Indianapolis Fire Department Chief Ernest Malone hopes to convince some city council members them to replace the department’s aging fire trucks, ladders and engines.
Nearly half of the department’s 22 ladder trucks used daily have been on the street for 10 years or longer, Malone said.
The same goes for a quarter of IFD’s 43 front-line pumper fire engines that carry hoses and tanks containing hundreds of gallons of water.
Each of those trucks can make 4,500 runs per year — a regular pounding that raises concerns for vehicles on the street for more than a decade.
“We want to get on a plan that allows for us not to have a front-line piece (of equipment) that is more than 10 years old,” Malone said. “Ultimately, it’s a safety issue.”
Right now, the department has enough money each year to buy one new pumper and one new ladder truck — vehicles that cost the department at least $440,000 and $750,000, respectively.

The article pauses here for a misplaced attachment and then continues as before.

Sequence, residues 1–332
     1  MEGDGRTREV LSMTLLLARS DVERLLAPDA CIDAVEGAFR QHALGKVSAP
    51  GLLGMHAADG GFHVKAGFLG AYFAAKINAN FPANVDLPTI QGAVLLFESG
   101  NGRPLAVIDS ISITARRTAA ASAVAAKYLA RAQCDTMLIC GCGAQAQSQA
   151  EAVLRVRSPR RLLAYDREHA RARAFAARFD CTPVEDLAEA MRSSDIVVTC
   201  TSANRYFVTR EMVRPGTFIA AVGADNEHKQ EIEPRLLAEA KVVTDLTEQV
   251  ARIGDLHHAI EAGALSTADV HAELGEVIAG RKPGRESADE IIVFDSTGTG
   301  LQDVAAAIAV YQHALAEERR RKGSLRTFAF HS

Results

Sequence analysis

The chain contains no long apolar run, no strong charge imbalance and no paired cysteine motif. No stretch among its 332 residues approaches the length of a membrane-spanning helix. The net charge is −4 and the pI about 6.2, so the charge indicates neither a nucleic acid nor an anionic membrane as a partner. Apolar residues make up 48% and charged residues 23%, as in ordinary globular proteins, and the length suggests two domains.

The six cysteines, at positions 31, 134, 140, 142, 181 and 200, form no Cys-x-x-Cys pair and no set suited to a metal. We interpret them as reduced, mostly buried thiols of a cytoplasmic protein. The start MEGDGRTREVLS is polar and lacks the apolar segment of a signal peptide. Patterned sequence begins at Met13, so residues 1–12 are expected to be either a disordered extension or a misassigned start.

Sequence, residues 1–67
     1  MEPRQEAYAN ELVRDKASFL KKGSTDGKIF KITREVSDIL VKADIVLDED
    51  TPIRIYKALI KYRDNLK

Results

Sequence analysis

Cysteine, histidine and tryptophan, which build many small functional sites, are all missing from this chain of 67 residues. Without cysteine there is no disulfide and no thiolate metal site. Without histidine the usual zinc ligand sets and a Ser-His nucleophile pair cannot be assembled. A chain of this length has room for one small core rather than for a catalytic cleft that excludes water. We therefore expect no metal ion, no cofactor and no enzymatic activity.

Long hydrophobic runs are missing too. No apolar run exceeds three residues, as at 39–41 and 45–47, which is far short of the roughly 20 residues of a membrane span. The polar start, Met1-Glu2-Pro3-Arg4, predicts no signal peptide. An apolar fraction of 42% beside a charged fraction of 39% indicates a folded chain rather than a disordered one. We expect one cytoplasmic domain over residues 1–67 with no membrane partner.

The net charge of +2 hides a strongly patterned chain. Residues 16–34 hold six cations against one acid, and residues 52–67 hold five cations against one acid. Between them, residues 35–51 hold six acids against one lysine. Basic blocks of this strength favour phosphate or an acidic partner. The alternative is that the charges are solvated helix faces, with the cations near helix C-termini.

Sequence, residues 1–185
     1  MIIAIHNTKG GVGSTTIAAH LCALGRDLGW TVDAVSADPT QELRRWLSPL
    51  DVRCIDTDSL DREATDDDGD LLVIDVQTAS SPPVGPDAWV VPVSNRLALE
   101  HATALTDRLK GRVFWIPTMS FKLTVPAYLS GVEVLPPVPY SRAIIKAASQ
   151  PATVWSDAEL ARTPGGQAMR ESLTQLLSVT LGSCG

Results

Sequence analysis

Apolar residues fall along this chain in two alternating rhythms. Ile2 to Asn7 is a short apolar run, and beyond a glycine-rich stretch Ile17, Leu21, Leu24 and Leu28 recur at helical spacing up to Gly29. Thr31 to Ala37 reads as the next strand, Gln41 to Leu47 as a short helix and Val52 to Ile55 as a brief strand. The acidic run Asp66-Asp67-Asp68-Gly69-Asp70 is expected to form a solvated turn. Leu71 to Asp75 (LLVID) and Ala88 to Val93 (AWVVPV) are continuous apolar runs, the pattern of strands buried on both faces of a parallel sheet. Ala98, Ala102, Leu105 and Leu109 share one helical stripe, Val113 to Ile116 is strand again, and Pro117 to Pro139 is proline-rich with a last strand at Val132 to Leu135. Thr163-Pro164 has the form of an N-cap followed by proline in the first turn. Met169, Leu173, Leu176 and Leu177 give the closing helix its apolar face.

Unless the department gets more funding, Malone said, it would take them more than a decade to replace the oldest vehicles.
“When we’re 25 pieces behind — just engines, ladders and squad (vehicles) – we’re not going to catch up at that pace because everything keeps getting older,” he said.
On average, those vehicles are 16 years old. The oldest is a 1986 Pierce-Arrow fire engine — not the first choice to send back on the streets, Malone said, but an option nonetheless.
On Wednesday, Malone and other IFD officials will walk members of the City-County Council’s Public Safety and Criminal Justice Committee through the IFD Museum at the Firefighters Union Hall, 748 Massachusetts Avenue, before sitting down with the committee members at their 5:30 p.m. meeting.
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